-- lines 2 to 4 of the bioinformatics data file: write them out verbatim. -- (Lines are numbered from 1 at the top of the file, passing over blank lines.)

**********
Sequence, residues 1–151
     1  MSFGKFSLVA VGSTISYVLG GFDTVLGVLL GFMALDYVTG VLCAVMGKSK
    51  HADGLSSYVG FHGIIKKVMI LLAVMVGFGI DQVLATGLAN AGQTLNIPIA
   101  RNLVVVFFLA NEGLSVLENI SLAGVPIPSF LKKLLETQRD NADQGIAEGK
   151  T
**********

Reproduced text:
     1  MSFGKFSLVA VGSTISYVLG GFDTVLGVLL GFMALDYVTG VLCAVMGKSK
    51  HADGLSSYVG FHGIIKKVMI LLAVMVGFGI DQVLATGLAN AGQTLNIPIA
   101  RNLVVVFFLA NEGLSVLENI SLAGVPIPSF LKKLLETQRD NADQGIAEGK